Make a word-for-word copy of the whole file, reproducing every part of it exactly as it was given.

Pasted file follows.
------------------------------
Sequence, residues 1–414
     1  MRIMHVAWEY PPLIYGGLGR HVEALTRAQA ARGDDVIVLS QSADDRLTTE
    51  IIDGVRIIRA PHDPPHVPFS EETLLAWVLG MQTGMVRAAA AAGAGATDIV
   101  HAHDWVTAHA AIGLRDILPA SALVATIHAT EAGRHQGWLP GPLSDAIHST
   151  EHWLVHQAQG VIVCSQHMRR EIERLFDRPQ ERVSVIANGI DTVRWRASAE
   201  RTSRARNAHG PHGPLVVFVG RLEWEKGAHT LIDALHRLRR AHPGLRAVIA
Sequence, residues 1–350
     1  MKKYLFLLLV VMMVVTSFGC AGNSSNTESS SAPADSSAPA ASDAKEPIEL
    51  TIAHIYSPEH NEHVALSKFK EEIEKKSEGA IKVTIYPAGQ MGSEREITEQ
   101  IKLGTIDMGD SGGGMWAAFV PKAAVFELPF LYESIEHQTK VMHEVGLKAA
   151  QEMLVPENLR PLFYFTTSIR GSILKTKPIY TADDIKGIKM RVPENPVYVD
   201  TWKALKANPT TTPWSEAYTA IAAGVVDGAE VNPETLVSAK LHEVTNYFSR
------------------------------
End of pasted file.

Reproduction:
Sequence, residues 1–414
     1  MRIMHVAWEY PPLIYGGLGR HVEALTRAQA ARGDDVIVLS QSADDRLTTE
    51  IIDGVRIIRA PHDPPHVPFS EETLLAWVLG MQTGMVRAAA AAGAGATDIV
   101  HAHDWVTAHA AIGLRDILPA SALVATIHAT EAGRHQGWLP GPLSDAIHST
   151  EHWLVHQAQG VIVCSQHMRR EIERLFDRPQ ERVSVIANGI DTVRWRASAE
   201  RTSRARNAHG PHGPLVVFVG RLEWEKGAHT LIDALHRLRR AHPGLRAVIA
Sequence, residues 1–350
     1  MKKYLFLLLV VMMVVTSFGC AGNSSNTESS SAPADSSAPA ASDAKEPIEL
    51  TIAHIYSPEH NEHVALSKFK EEIEKKSEGA IKVTIYPAGQ MGSEREITEQ
   101  IKLGTIDMGD SGGGMWAAFV PKAAVFELPF LYESIEHQTK VMHEVGLKAA
   151  QEMLVPENLR PLFYFTTSIR GSILKTKPIY TADDIKGIKM RVPENPVYVD
   201  TWKALKANPT TTPWSEAYTA IAAGVVDGAE VNPETLVSAK LHEVTNYFSR